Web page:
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The Lynching of Libya

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NEW YORK – Many would say that Col. Muammar el-Qaddafi got what he deserved. Live by the sword, die by the sword. The Libyan tyrant happily allowed his opponents, or anyone who annoyed him, to be tortured or killed. So it seems only right that he died with summary violence. After being hunted down in a dirty drainpipe, he was displayed like a bloody trophy before being battered and shot by a lynch mob. And it happened in his hometown of Sirte. This is primitive justice, to be sure, but how else could justice be done to a mass murderer?

Yet there is something deeply disturbing about a lynching, regardless of the victim. Even as cheering crowds in Sirte and Tripoli were rejoicing at the despot’s death, others voiced doubts over the manner of his humiliating end. The French public intellectual Bernard-Henri Lévy, who had promoted the Libyan revolution with a strong dose of narcissistic showmanship, wrote that the lynching of Qaddafi “polluted the essential morality” of the people’s rebellion.

One might quibble with this description. As in all violent revolutions, the morality of the dictator’s opponents was never entirely without blemish. The rebels, who reduced Qaddafi’s birthplace to rubble, were in some cases as ruthlessly brutal as the men against whom they were fighting.

But there is something else wrong with Lévy’s critique. To talk about the pollution of morality is to miss the point. The problem with rough justice, in the form of revenge, is not that it is immoral. Many of us can see the appeal of the Old Testament principle of “an eye for an eye, a tooth for a tooth.” We want a person who made others suffer to suffer as well, preferably in equal measure. Justice almost always contains an element of revenge.

The problem with revenge, however, is that it provokes further revenge, setting in motion a cycle of violence and counter-violence – the culture of vendetta. And vendetta is by definition not so much immoral, or even unjust, as it is lawless. It thrives in societies that are not bound by laws that apply equally to all, or even by any formal laws at all. Codes of honor are not the same as the rule of law. While the rule of law does not necessarily satisfy everyone’s sense of justice, it does stop the cycle of violent retribution.

The ancient Greeks understood this well. The greatest play about the tension between law and justice is Aeschylus’s The Eumenides, a story of murder and vengeance in which the furies represent justice. They drive people to avenge terrible misdeeds, saying: “We claim we represent true justice….Blood avengers, always in pursuit, we chase them to the end.” So it is that the furies help Orestes to wreak vengeance on his mother, Clytaemnestra, for killing his father, Agamemnon. Orestes murders her, thus continuing the cycle of violence.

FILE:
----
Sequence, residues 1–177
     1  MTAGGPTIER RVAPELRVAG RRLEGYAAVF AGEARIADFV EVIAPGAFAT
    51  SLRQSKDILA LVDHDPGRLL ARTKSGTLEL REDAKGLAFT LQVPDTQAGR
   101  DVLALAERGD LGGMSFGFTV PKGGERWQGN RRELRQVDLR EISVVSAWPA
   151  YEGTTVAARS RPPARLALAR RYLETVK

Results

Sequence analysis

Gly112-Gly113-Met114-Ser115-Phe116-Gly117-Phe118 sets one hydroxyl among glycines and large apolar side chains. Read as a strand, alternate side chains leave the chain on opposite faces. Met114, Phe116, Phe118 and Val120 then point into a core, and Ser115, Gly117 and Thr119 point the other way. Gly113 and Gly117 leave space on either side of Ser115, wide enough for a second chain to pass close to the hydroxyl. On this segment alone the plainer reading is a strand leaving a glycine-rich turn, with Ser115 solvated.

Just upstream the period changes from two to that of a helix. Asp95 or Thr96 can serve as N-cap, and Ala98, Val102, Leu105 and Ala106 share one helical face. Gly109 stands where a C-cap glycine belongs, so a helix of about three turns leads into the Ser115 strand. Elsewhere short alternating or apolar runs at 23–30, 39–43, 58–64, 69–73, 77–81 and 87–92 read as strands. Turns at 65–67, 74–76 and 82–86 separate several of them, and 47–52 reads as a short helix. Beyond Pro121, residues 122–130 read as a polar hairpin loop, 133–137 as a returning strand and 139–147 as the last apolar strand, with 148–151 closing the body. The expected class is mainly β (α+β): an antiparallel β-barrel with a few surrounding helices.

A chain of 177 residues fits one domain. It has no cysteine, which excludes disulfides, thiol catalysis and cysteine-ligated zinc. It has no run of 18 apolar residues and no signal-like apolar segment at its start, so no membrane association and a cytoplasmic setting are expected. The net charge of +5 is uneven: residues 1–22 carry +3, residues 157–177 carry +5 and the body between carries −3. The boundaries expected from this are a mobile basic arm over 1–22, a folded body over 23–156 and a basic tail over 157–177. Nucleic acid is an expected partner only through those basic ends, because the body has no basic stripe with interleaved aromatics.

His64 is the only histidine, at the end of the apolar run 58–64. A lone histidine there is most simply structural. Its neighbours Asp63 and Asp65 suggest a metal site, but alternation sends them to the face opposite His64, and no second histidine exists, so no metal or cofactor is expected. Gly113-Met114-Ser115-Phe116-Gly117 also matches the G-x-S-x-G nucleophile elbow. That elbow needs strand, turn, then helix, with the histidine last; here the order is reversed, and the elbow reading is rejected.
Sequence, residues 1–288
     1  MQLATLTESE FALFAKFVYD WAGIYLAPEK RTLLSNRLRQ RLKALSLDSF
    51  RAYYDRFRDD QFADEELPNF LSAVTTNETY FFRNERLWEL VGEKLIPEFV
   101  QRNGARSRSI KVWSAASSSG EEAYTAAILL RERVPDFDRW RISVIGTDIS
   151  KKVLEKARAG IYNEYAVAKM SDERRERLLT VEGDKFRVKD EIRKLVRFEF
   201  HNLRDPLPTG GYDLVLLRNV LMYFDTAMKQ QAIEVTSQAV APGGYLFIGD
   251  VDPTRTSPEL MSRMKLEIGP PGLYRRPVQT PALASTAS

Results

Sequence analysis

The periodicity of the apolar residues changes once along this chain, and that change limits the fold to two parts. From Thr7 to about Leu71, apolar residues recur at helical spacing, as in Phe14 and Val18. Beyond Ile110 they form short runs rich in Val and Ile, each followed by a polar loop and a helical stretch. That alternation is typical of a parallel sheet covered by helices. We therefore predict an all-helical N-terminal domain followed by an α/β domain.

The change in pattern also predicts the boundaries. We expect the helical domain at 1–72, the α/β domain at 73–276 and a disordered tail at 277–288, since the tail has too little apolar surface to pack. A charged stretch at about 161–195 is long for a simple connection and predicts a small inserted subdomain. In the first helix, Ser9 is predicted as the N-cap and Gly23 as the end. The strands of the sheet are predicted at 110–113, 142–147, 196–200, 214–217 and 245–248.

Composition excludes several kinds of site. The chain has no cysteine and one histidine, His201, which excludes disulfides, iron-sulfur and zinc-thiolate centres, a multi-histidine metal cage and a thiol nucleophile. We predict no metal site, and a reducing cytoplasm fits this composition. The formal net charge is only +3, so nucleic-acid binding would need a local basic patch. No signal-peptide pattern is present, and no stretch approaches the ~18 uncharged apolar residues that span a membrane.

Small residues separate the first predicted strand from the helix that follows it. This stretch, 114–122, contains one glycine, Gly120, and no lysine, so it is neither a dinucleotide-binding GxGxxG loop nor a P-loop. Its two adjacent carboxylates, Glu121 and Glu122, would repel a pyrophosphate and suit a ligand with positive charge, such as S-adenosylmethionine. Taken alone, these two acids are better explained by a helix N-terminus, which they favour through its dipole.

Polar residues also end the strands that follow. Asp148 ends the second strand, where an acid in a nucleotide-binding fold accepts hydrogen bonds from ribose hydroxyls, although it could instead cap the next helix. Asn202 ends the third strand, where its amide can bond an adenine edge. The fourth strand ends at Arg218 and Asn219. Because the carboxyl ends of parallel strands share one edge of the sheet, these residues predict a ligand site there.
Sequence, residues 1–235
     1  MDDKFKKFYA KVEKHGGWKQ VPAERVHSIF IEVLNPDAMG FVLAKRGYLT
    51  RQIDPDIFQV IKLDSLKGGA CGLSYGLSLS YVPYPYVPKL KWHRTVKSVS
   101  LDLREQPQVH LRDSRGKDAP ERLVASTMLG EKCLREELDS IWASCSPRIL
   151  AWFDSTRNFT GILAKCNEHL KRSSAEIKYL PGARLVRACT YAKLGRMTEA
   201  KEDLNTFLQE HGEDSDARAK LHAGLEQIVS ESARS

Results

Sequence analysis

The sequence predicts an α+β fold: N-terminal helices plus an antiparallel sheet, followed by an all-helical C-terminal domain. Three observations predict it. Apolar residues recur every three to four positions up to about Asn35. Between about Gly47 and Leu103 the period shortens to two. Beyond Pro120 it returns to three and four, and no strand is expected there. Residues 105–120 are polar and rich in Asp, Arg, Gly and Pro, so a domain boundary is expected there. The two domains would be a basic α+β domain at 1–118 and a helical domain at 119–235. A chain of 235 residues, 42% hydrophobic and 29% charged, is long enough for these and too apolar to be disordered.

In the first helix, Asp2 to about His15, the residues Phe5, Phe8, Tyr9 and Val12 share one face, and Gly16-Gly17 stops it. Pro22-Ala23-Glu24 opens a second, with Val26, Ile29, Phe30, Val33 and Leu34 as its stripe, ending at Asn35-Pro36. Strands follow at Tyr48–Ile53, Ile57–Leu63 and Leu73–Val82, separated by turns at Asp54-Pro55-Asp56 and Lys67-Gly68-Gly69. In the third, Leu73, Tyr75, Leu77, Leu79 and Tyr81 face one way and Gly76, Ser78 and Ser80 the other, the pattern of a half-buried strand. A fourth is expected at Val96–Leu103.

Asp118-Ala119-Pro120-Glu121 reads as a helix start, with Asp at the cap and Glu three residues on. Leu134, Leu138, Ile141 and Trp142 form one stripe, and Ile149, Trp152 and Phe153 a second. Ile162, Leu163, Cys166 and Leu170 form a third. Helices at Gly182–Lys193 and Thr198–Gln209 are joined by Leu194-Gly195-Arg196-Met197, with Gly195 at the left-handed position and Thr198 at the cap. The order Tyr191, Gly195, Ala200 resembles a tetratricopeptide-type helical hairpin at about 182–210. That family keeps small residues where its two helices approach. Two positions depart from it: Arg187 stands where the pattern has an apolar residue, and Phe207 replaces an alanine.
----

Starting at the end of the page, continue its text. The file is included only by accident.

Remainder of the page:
Athena, the Goddess of Wisdom and patron of Athens, decides that only a fair trial, with a jury of twelve men, can pacify the furies and restore peace. But trials are rarely perfect. In this case, the jury is evenly divided, forcing Athena to give the verdict, which is to acquit Orestes. This may not have served the rough justice demanded by the furies, but it established the rule of law, which civilized Athens.

To be sure, Athenian democracy was not much like our modern democracies, nor is ancient Athens much like Tripoli today. Even so, The Eumenides holds an important lesson that remains valid: violence, unchecked by law, will not end. Revolutions born in bloodshed almost always create more bad blood. This was true 2,500 years ago, and it is true today.

Few people have understood this better than the Polish democratic activist and thinker Adam Michnik, one of the heroes who in the 1980’s helped to end the Communist dictatorship in his country. While other Poles demanded vengeful rough justice against the Communist rulers and their accomplices, Michnik counseled negotiation, compromise, and reconciliation, even with former oppressors.

Michnik admits that all revolutions are incomplete in the sense that not all sinners are punished, and not all virtuous people are rewarded. But, he says, that outcome would mean further violence: “The compensation for suffered harm invariably brings new harm, often more cruel than what came before.”

This is why Qaddafi’s lynching party is a dangerous omen for Libya. It would have been far better if he had been handed over alive to be judged in a court of law. A criminal trial in Libya might have been difficult. A 42-year dictatorship does not exactly provide fertile ground for the learning and experience needed to create an impartial court. And it is probably impossible for a former dictator’s victims to judge him without prejudice. That is precisely why the International Criminal Court in The Hague was established.

Putting Qaddafi on trial probably would not have satisfied every Libyan’s feeling of injustice, but it might have helped to instill in Libyans greater respect for the rule of law. Perhaps a trial of Qaddafi’s son, Saif al-Islam, will have this effect. If so, standing trial in The Hague would be the best service he could render to his country.

Ian Buruma is Professor of Democracy and Human Rights at Bard College, and the author of Taming the Gods: Religion and Democracy on Three Continents.

Copyright: Project Syndicate, 2011.

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